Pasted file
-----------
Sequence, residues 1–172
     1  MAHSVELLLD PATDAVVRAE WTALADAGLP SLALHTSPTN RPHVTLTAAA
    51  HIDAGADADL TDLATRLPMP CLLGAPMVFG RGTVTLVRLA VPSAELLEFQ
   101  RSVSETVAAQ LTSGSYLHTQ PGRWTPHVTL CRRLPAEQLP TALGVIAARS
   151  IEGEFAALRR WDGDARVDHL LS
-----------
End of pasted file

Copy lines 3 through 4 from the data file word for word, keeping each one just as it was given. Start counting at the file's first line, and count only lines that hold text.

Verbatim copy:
    51  HIDAGADADL TDLATRLPMP CLLGAPMVFG RGTVTLVRLA VPSAELLEFQ
   101  RSVSETVAAQ LTSGSYLHTQ PGRWTPHVTL CRRLPAEQLP TALGVIAARS